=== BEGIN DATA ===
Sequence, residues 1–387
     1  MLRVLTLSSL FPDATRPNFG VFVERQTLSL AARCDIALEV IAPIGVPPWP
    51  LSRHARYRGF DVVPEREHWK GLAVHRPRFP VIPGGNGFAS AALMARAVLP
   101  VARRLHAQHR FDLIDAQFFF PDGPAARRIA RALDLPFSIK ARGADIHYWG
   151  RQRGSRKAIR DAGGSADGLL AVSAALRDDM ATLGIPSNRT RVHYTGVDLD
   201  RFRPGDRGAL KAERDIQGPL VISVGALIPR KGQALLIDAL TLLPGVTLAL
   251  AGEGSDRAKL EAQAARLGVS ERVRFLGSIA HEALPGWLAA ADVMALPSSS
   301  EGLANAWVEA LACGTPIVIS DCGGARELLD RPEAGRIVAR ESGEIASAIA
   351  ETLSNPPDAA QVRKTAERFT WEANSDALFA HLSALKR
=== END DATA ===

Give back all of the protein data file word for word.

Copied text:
Sequence, residues 1–387
     1  MLRVLTLSSL FPDATRPNFG VFVERQTLSL AARCDIALEV IAPIGVPPWP
    51  LSRHARYRGF DVVPEREHWK GLAVHRPRFP VIPGGNGFAS AALMARAVLP
   101  VARRLHAQHR FDLIDAQFFF PDGPAARRIA RALDLPFSIK ARGADIHYWG
   151  RQRGSRKAIR DAGGSADGLL AVSAALRDDM ATLGIPSNRT RVHYTGVDLD
   201  RFRPGDRGAL KAERDIQGPL VISVGALIPR KGQALLIDAL TLLPGVTLAL
   251  AGEGSDRAKL EAQAARLGVS ERVRFLGSIA HEALPGWLAA ADVMALPSSS
   301  EGLANAWVEA LACGTPIVIS DCGGARELLD RPEAGRIVAR ESGEIASAIA
   351  ETLSNPPDAA QVRKTAERFT WEANSDALFA HLSALKR